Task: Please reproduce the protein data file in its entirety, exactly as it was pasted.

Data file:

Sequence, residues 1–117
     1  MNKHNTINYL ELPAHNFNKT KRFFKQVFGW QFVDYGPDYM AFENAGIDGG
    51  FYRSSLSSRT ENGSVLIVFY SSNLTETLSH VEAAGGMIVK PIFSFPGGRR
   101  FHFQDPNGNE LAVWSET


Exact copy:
Sequence, residues 1–117
     1  MNKHNTINYL ELPAHNFNKT KRFFKQVFGW QFVDYGPDYM AFENAGIDGG
    51  FYRSSLSSRT ENGSVLIVFY SSNLTETLSH VEAAGGMIVK PIFSFPGGRR
   101  FHFQDPNGNE LAVWSET